And when that non-x86 kit comes out and does the same kind of stuff as the x86 kit (albeit perhaps with a slightly different GUI), and when it does it at a substantially lower cost to buy and run (hardware costs less, no Windows licence to pay for [1], etc), things are going to be looking different than they do today.

    It's soon going to be an interesting time to be a certified Microsoft dependent channel partner dependent on shifting x86 desktops. The days of a 2/3 year refresh cycle are gone, the days of worrying about the costs of power and of rolling upgrades are on the way.

    If only the Shark had lived to see 2012.

    [1] The Windows OEM/system builder licence is the single most expensive component (or maybe 2nd most) in most typical volume desktop PCs.

  9. Anonymous Coward

    The achievement is nice, but is it worth it?

    When solely looking at the technical aspects here I think MS are doing ok. Sure, nothing too complicated to setup a framework and then have it support multiple platforms, but IMO MS does some good and interesting things when it comes to GUI designs.

    But is it all really worth it ? I wonder.. When looking at the specs of a regular WP7 phone I can't help feel unimpressed. Nothing bad about the smartphone aspect; I think that comes down pretty decent. You have your applications which you can use, you can share your data online and use that same data on your PC. Enough connectivity to go with it, all in all not too bad I think.

    But what about simple phone features? You know; having a browser to check up on the files on the phone, being able to use an mp3 file not only to listen to but also as ringtone or how about assigning this music to a special contact? And for that matter being able to easily transfer stuff to and from the phone using bluetooth or USB... You know; stuff you'd want to do with a cellphone.

    Believe it or not; all of that is not possible with a WP7 phone; though support for mp3 as ringtone is coming with the next update though. Heck; doing something as basic as turning wifi or bluetooth on and off requires you to skim through the phone settings every time; you can't place a shortcut somewhere for quick access.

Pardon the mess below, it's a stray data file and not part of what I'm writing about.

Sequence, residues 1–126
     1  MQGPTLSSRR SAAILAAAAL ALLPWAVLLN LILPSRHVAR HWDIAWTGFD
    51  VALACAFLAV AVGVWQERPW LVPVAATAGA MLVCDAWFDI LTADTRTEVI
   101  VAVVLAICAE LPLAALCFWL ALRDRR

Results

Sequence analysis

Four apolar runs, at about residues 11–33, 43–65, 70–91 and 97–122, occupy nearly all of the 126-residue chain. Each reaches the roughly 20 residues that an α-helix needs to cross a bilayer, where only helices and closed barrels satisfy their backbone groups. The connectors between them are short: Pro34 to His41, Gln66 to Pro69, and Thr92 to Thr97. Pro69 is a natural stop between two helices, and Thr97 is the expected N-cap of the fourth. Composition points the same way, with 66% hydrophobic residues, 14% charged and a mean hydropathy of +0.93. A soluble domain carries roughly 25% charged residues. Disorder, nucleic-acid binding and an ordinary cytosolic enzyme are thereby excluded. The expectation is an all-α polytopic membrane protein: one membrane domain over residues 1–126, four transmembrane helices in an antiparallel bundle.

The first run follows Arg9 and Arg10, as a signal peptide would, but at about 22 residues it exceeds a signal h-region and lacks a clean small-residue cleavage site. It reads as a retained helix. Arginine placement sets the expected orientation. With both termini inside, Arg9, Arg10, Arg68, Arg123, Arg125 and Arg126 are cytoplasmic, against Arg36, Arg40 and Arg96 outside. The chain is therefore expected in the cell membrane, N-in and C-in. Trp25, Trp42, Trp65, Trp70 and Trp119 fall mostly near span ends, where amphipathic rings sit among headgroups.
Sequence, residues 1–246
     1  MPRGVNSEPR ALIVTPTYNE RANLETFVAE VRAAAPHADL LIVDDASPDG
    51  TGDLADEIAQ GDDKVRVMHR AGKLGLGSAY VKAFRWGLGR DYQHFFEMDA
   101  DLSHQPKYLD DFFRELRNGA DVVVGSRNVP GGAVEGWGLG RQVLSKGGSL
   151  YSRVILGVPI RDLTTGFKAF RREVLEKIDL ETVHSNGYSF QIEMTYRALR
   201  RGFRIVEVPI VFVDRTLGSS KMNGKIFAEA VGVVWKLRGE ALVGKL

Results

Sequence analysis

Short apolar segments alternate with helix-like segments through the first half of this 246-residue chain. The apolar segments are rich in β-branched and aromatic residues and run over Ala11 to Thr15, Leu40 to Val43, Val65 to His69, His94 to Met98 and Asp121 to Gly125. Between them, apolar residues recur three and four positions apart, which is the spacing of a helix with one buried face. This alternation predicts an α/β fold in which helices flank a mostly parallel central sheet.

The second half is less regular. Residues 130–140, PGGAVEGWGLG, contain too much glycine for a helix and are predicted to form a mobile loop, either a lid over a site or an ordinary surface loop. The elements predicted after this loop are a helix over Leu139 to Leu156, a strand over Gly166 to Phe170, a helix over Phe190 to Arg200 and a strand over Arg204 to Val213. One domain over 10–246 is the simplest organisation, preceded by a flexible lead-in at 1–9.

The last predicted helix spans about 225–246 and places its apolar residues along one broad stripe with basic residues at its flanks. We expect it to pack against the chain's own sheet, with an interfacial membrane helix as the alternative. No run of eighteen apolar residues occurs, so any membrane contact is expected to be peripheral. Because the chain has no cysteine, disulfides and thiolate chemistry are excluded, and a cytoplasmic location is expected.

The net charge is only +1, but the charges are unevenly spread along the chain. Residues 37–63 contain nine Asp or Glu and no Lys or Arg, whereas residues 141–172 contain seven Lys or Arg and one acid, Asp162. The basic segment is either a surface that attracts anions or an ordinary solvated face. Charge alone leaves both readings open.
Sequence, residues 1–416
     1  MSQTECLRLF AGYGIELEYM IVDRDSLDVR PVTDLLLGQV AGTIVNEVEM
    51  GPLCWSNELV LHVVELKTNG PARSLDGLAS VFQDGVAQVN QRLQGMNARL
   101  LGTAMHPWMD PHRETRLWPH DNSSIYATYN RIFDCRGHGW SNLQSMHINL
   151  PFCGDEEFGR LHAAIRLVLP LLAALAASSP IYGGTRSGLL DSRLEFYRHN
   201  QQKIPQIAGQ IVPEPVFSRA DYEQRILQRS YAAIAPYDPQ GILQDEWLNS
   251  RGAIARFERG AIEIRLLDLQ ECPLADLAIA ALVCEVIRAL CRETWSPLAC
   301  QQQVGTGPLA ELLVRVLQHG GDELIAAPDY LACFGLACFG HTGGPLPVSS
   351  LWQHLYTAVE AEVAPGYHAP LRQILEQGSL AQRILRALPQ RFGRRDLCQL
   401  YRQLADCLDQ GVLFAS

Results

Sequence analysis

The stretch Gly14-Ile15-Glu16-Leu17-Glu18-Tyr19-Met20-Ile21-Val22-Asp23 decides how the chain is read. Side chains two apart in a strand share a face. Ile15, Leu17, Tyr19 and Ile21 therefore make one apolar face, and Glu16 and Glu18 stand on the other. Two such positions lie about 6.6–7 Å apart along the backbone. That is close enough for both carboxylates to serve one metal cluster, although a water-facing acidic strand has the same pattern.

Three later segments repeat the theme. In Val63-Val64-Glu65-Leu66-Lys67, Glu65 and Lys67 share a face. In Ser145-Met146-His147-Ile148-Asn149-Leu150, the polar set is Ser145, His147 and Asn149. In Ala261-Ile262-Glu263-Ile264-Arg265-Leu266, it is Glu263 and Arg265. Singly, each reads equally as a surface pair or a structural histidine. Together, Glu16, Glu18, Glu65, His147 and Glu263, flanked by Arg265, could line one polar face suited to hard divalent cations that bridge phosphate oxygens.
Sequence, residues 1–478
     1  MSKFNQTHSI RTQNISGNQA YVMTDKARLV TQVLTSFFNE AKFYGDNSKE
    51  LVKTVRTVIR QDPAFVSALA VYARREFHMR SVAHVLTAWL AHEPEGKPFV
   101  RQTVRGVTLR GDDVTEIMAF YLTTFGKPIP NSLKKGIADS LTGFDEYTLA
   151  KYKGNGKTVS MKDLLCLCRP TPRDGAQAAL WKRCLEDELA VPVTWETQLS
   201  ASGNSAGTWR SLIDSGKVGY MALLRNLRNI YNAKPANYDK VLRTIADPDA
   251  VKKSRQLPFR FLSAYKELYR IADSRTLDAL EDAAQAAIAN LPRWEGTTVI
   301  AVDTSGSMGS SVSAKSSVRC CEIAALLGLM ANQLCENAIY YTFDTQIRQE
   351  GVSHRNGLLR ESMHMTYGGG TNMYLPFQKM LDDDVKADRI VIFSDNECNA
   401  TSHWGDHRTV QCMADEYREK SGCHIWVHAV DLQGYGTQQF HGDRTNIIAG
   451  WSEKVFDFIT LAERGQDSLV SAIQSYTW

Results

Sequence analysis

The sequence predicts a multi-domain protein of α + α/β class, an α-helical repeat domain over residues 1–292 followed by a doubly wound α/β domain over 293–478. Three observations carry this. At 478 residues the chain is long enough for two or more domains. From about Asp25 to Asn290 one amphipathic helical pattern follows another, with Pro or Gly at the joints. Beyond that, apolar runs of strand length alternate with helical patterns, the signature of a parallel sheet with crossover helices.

And although Win8 has yet to come I have to admit that so far I'm not really impressed with that one either. The new metro GUI? Not for me; I'm pretty happy with Aero on Win7. Being able to access .iso images out of the box? I could already do that when I was still back on Windows XP.

    Or what about the ribbon interface in Explorer? I don't think its going to be as bad as some others think (hey, each to his own!) but it would not be a strong argument for me to want to move to Windows 8.

    The only thing I'm curious about are the possible new developments with systems administration (which is also my profession). But that is going to hit TechNet sooner or later anyway for all of us to read and catch up to. And heck; sometimes such developments will even be made available on other ("older") platforms as well. Take for example PowerShell. Released in 2006 (the XP / Vista era) yet also made available for older Windows 2003 servers.

    So quite frankly I think the achievement is pretty good, but having said that I also wonder if its worth it. Right now I'm a very happy Win7 & Office 2010 user and unless MS starts to drastically change their policies like (wh)Oracle has I see no reason for change.

  10. GrantB


    I am trying to think of apps on my iOS device that I would want to run on my desktop... I can't think of any off hand. For instance there is a RWC2011 app that I have.. but sitting at my Win7 desktop, I am not going to run the same app - I would just use the website in Chrome and use the extra space.